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Philadelphia Flyers - the team that could be anything

The Flyers haven't been the same emerging threat since moving on from Mike Richards and Jeff Carter and the current roster is one big mystery. Are they a new emerging contender, or a batch of misfits?
The Hockey News

The Hockey News

The Philadelphia Flyers could be just about anything this year. They've gone from a promising team on the rise that went to the Cup final in the Jeff Carter-Mike Richards era to one of the most convoluted collection of players in the NHL.

For instance, it's intriguing to think of what Vincent Lecavalier could bring to this club. He's not the 108-point scorer he was in 2006-07 and never will be again. He has had point per game averages of .85, .83, .77 and .82 the past four years, which isn't bad, unless you're getting paid $10 million and costing $7.7 million against the cap.

He looked good in his first game as a Flyer and created the team's first goal of the season off a beautiful assist.

The problem is that Lecavalier hasn't been healthy for a full season since 2009-10. He's missed 17, 18 and nine games the past three seasons, but that didn't stop the Flyers from signing him up for a five-year term. Because the Flyers sign everybody.

Another example is Steve Mason, former Calder winner-turned Columbus castoff. His numbers have hovered around the .900 SP for four years and the Flyers defense is much worse than the Blue Jackets', who've only ever made the post-season once.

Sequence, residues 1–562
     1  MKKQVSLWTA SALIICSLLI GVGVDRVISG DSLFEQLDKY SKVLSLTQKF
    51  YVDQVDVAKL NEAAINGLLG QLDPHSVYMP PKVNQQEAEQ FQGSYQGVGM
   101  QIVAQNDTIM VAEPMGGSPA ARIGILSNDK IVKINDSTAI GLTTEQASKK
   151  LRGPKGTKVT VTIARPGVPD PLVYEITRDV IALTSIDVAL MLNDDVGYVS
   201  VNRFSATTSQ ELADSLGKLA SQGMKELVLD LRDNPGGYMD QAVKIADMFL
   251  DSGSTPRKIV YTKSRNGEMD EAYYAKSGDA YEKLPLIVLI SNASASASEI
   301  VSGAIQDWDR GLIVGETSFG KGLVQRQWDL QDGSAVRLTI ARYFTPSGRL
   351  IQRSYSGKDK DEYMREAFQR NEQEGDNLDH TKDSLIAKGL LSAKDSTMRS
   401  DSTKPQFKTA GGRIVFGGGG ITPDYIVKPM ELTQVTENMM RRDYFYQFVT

There's also Ray Emery, who will surely get the second start in net for Philadelphia. He was 17-1 for the Stanley Cup champion Blackhawks last season, but only won 15 of his 28 decisions with a .900 SP in Chicago the year before. Who knows what the Flyers will get from him?

Jakub Voracek had a career season over 48 games, while Scott Hartnell, at 31, either had a down year, or started to show some age. What is Brayden Schenn? The only constants on the team seem to be Claude Giroux's brilliance and the blueline's unsteady makeup.

Hovering over all of this is Peter Laviolette's future. The race to first coach fired in Philadelphia this fall is on between him and Chip Kelly of the NFL's Eagles.

If their first game of the season is any indication - a 3-1 loss to Toronto - this could be another messy year. We're not about to write them off after one game, but when a fresh team is as flat as the Flyers were at home against a tired Maple Leafs squad, there has to be some "uh-oh" feeling inside.

The major, questionable overhaul of the roster two years ago is still having a very negative effect, while the former core moved on to win the Cup they couldn't in orange and black. The Kings had patience and struck, while the Flyers' impatience set them back a few years - and maybe more than a few.

What are the Flyers, you ask?

Who knows - but they're off on the wrong foot.


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